Biscayne rangers teach about nature
HOMESTEAD, Fla.— Learning about the Biscayne National Park and everything the environment has to offer is a great way to enhance a visit.
The Ranger’s Choice Program allows visitors to spend time with a ranger and enjoy his or her planned program of the day. And, of course, the program teaches visitors about the marine world that is the park.
Programs generally run from 20 minutes to one hour.
|Mangrove tree grows in the protected waters of Biscayne National Park (Photos by Sarah Oline).|
“We get the most visitors in the winter months,” Park Ranger Paul Kuentzel said. “From the end of hurricane season until it starts getting hot again. Plus, there are less bugs.”
“Still, we only do them on demand,” Park Ranger Jorge Acevedo said. “Unfortunately, not enough people take advantage of the program because they don’t know about it before they get here.”
Visitors are first asked to watch an optional video in the Dante Fascell Visitor Center. The colorful video informs on the general aspects of the park and everything that lives within it; the Ranger’s Program will concentrate on only one aspect of the park.
“It’s a beautiful park and extremely well-kept,” Tampa visitor Katie Lapiner said. “The rangers in the Visitor Center are very friendly and helpful.”
Rangers choose their topics so each program covers something new and interesting.
“I usually take the doom and gloom approach,” Kuentzel said. “Humans have a negative impact on the natural environment. As do barges from Miami, which bring fuel down.”
What is today’s program?
“Rangers of the Shoreline,” Acevedo said smiling.
No, not the park rangers. The mangroves.
“The mangroves protect so much of the shoreline, I like to call them the ‘rangers of the shoreline,’ Acevedo explained. “They have many unique offerings.”
The program takes place just outside the visitor center where the water comes along side it and a group of mangroves stands tangled together.
Visitors can sit on a nearby bench and listen as Acevedo starts his program, first warning all to be careful of the wasps.
“Even though mangroves are often buggy and block our view of the ocean, they do a lot. For example, they are a habitat for fish – like that one!” Acevedo exclaimed as a shiny silver fish jumped from the water.
Mangroves are able to live and adapt here in South Florida so well because they thrive under harsh salt water conditions, thus allowing others to do it as well.
There are three different kinds of mangroves: red, white, and black. All three types can be found in the park. Though the mangroves were not originally protected when Biscayne became part of the national park system in 1969, today, 27 miles of mangroves shoreline (the largest in Florida) is protected.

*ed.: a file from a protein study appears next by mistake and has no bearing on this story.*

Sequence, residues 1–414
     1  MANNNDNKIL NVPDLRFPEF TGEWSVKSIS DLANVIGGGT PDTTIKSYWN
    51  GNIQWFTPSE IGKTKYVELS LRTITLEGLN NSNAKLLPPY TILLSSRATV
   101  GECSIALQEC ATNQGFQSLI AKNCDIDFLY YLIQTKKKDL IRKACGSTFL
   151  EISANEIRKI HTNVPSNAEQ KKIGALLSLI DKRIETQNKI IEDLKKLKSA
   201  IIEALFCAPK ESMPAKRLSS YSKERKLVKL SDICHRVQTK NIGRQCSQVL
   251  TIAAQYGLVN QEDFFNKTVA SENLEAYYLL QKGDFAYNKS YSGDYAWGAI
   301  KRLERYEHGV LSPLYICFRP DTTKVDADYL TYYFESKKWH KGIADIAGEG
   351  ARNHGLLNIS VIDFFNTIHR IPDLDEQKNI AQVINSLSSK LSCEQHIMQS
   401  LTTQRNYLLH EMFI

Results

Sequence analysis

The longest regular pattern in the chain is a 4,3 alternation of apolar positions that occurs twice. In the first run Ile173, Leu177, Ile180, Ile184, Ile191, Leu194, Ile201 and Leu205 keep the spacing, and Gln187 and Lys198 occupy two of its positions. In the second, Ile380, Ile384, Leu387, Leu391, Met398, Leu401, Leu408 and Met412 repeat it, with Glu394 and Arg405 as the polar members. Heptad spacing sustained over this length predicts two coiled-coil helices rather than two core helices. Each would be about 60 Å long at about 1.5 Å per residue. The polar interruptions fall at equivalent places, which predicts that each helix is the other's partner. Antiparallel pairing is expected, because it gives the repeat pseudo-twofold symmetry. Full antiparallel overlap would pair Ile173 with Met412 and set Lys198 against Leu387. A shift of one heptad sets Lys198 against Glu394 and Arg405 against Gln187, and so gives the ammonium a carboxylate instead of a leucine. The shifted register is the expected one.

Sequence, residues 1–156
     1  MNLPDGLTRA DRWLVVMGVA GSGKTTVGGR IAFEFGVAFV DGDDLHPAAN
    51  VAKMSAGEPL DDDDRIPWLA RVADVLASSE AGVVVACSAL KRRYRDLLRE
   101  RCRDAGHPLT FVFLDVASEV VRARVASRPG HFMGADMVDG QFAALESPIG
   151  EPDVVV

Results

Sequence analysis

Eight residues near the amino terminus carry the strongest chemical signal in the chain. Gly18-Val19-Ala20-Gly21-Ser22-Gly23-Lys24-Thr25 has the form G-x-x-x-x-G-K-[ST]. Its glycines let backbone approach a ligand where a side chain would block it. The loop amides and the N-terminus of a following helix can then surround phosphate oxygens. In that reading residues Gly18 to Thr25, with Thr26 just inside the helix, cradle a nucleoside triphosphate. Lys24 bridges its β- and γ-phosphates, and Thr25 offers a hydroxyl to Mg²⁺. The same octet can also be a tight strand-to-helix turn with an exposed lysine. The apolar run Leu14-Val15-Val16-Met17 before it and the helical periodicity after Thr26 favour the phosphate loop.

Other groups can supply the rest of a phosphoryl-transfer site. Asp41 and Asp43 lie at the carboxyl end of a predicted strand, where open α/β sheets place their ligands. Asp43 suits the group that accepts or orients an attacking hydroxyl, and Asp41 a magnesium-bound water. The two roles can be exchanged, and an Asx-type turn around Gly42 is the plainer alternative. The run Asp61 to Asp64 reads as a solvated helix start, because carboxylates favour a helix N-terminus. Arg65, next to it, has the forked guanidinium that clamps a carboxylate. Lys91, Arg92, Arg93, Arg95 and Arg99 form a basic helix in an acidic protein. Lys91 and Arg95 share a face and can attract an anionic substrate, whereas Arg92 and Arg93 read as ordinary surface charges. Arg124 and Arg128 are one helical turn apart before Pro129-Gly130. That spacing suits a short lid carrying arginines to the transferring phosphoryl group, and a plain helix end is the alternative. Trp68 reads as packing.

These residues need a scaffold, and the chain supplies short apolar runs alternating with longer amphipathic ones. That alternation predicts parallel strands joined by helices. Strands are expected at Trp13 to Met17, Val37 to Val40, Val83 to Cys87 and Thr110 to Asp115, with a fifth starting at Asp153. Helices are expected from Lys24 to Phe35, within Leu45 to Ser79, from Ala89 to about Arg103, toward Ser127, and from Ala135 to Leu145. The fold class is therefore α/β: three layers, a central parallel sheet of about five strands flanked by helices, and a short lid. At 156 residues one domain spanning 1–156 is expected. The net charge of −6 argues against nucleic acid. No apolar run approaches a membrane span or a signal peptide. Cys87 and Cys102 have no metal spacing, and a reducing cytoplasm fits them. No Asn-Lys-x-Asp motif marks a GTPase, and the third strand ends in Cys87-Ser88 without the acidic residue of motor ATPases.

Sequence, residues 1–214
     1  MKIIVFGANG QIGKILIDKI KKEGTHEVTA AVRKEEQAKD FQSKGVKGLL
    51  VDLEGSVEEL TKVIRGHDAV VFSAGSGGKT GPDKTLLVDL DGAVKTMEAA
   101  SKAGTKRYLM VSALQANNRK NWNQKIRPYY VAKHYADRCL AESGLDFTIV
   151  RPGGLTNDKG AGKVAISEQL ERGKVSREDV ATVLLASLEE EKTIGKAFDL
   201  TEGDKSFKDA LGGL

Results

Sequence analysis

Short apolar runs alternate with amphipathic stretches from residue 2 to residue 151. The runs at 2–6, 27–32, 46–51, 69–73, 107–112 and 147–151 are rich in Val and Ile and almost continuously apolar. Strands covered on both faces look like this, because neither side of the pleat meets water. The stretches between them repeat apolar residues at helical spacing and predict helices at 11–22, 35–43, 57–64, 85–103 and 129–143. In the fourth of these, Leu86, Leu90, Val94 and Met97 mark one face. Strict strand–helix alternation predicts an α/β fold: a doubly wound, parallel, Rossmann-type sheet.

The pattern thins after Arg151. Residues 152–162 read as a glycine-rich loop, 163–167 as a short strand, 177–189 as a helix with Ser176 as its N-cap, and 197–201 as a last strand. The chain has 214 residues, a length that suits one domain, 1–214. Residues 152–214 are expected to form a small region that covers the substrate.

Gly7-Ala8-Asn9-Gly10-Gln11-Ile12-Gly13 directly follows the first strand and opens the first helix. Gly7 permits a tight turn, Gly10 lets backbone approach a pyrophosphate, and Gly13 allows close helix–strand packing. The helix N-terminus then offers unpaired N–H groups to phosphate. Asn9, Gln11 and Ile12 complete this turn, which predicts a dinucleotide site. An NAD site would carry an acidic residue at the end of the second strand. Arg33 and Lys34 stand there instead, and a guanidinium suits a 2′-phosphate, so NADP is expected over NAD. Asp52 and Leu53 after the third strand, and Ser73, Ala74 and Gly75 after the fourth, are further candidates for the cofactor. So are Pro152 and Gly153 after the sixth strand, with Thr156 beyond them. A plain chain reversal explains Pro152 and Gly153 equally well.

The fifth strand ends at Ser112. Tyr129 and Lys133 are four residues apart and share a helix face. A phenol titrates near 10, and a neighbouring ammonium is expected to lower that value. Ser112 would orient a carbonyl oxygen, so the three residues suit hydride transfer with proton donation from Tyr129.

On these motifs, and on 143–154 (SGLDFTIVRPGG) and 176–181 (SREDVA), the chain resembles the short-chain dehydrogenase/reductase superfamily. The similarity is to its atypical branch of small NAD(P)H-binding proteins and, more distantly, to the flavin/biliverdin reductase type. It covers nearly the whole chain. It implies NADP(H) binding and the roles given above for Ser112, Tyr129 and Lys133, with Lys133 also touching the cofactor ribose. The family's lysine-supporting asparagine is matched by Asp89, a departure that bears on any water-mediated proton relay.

“Mangroves have a unique, air breathing root system. This adaptation is to exchange air above the soil,” Acevedo said. “You can taste the salt across a leaf of the black mangrove. It secretes a lot of salt.”
Acevedo points out the different mangroves to visitors and even lets everyone step down on the rocks to see the baby seedlings on the mangrove.
“The fruit is very little. It looks like a pear,” Acevedo said while comparing the fruit on the tree to the pictures he had with him.
Other important functions of mangroves include serving as a fish nursery, primarily because predators cannot swim between the mangroves, and protection from heavy storm surge and land erosion.
“The branches, or arms, of the mangroves go out and then down to create stability.” Acevedo said. “I like to call them ‘walking trees.’”
“The park ranger knew a lot about the park and the mangroves,” said visitor Matt Hoffman. “I got all of my questions answered.”
Mangroves also serve as nesting areas for local birds. Many years ago, the bald eagle even nested here.
“The mangroves withstand a lot, bad weather and woodpeckers included, that’s why I also like to call them ‘patriot trees,’” Acevedo said. “They die giving themselves to protect other species and the wetlands of Biscayne.”
Some mangroves can grow to 60 to 100 feet in height. Due to the South Florida soil, however, not many are that tall in this area.
Acevedo likes to talk about the mangroves because he has known of their importance all his life.
“I grew up in Puerto Rico and my school was only 300 yards from the shoreline. Even though the mangroves blocked my view of the ocean, I knew they were being protected,” Acevedo said. “I just developed a passion for it.”
“I thought he was going to talk about the actual park rangers, but I’m glad it was the mangroves,” Hoffman said. “He really expressed how important they are to the life of Biscayne and other areas.”
“I just came out to enjoy the day. I didn’t even know there was a program,” Miami visitor Aaron Geil said.
“It’s nice though. Some people prefer to listen to the pros.”
The Ranger’s Choice Program is a short and informative addition to a day of snorkeling, fishing, walking, or other available activities at Biscayne National Park.
“Just look around,” Kuentzel said. “Being stuck behind the desk is horrible.”
“The view is beautiful,” Acevedo agreed. “But I like to talk about the mangroves and try to paint the ugly duckling pretty. We wouldn’t have that healthy, beautiful environment without them.”
“The park is a great place,” Hoffman said. “It’s good to know the mangroves are helping protect it.”
If You Go
- Hours: Ranger’s Choice Program is offered daily, by demand, at 2:30 p.m. The Dante Fascell Visitor Center is open daily 9 a.m. to 5 p.m.
- Admission: Free.
- Facilities: Restrooms, picnic tables, Visitor Center and exhibits, free parking.
- For more information: 305-230-7275.
- Web site: http://www.nps.gov/bisc/.